Rooms of I.ankford to view and admire the artworks of senior art major, Betsy Connelh. The exhibition includes paintings in oil and acrylic, drawings in pencil, ink, conte, and pastels, linoleum and wood cuts, sine, aluminum and plexiglass etchings, a lithograph, photo etching, and wood carving. Miss Connelly's work will be on display through September 14 and is open to the public.


L.C. 50ÂŤ WITH I.D. GUESTS $1 00

Relax and Enjoy. . .



1 P.M.



GUESTS $1.00

"Liquid refreshments" SOLD

Without your help, we can't afford to win. Make check payable to US Olympic Committee Box 1980 P. Cathedral Sta Boston. MA 02118 Ybut lOntntKJlion i\ u. deductible

Well-known Richmond Jazz musician Steve Kessler and his quartet will perform in the Snack Bar on Friday and Saturday evenings, beginning at 8 p.m. There will be no admission charged lor this Student Union sponsored event.

Page 6


Tuesday, September 11, 1979


Soccer '79:


A Building Foundation By CHUCK COLE The Ixmgwood College Soccer team springs into action this week by hosting three Intra-state rivals. These three games initiate what first-year coach Rich Posipanko hopes to be a successful year. Namely, a .500 season. Posipanko hopes to blend the talents of his recruits with the returning I.ancer hooters to bring an exciting brand of soccer action to the I/>ngwood campus. Coach Rich Posipanko comes to lx)ngwood after spending three seasons as an assistant coach at Trenton State. Working under the pressure of a very short recruiting year, he was able to bring several key players to supplement his squad. His talented recruits include Gustavo and Mario I-eal of Rockville, Md. The I/eal brothers have had some international experience and may provide the spark the I.ancir hooters need in their quest for a successful season. Joe Parker and Mike McGeehan, both Philadelphiaarea recruits, are also expected to play a big part of the lancers' season. Posipanko views Parker


as a scoring threat, which will be a valuable asset to a young I-ancer squad The captain of this year's team is senior returning forward, Dave Yerkes. He will combine with junior returnee Jerry (iilleland and Parker on the forward line to provide the scoring punch for the I-ancers. Midfield for the I-ancers will showcase sophomore returnee Ken Gebbie, junior college transfer Paul Robertson, and Freshmen recruits Mario 1-eal and Mike McGeehan. This talented group is expected to serve double-duty, helping to provide the scoring punch while beefing-up the lancer defense. SOCCER DATt



Sept 12 IS ■ .6 <"»

M-Chns. Newport H Roanoke " Hadtora M Randoipn-Macon H -Greensr-oro

4U(T 200 i 00 3.00 1 30

Oct .' 5 12 13 ?0 ?3 25

A Va. Wesieyan A—Hampden-Syoney A-Atlantic Christian A N.C Wesieyan A UNC/Greensboro H-VCU H--Georqe Mason H Mary Washington A -u ot Richmond

i 1

3 00 3 30 7:30 2:00 2:00 3 :00 2:30 2:00 3 00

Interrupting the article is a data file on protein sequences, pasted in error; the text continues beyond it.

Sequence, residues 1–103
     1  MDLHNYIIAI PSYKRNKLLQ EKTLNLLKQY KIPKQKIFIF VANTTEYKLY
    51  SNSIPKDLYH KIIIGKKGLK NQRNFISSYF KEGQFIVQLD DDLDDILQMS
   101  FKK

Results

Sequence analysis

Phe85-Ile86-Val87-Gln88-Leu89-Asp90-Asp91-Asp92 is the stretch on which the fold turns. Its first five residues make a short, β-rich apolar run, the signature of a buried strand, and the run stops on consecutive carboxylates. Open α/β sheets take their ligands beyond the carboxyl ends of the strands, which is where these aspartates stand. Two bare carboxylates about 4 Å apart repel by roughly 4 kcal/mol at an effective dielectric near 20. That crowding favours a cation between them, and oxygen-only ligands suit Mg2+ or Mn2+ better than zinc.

An home games will be played on 1 st Ave. Field.)

Selected By KATHY CHASE Eleven anxious horsewomen gathered Monday, September 3, in the Bristow Parking l>ot to go out to the Whitlock Stables for the 1979-80 Riding team try-outs. Six ol the eleven were freshmen, four were sophomores, and one was a junior. Returning from last year were Kath\ Redmon, Katrhy Chase. Robyn Walker, and Janet Young. New team members are Shannon Chambers. Krika Cnstea. Mary Ball, I-aura Fields, and Karla Weber Coach Mary Whitlock said she was greatly impressed by the number of people who signed up to try out." Coach Whitlock also stated that "the enthusiasm seems to be up" and she is really looking forward to a successful season. The team is anticipating a busy year with five of the eight intercollegiate shows in the fall. The Riding team would like to thank all students and faculty who supported the team last year and hopes to have their continued support.


^ .

The key to success will be their ability to control the ball and keep the pressure on the opposition's defense. Defensively, the lancers will rely on the services of sophomore returnees Brian Cochran and Mike Kerrigan, and first-year player Mario Leal. Coach Posipanko is counting on a strong defense to strengthen the one questionable position in the lancer lineup. Posipanko is still searching for a goaltender. Several players are expected to see action in the lancer goal as the coach looks for the ability and consistency which will serve the lancers well during the season. The Longwood Soccer program has a great future under the leadership of Coach Posipanko. This year's squad lacks depth in some key areas, but the team has the potential for a very strong year. With a full recruiting year following the season, the lancers should be even stronger next year. This year will be a learning and growing year for the coach and his team, but it looks like Longwood has fashioned the foundation for a strong Soccer program at Ixmgwood. Longwood kicked off its season September 10, with a home match against Averett College under the lights on Her Field. This was the first night outdoor athletic event in the history of the school.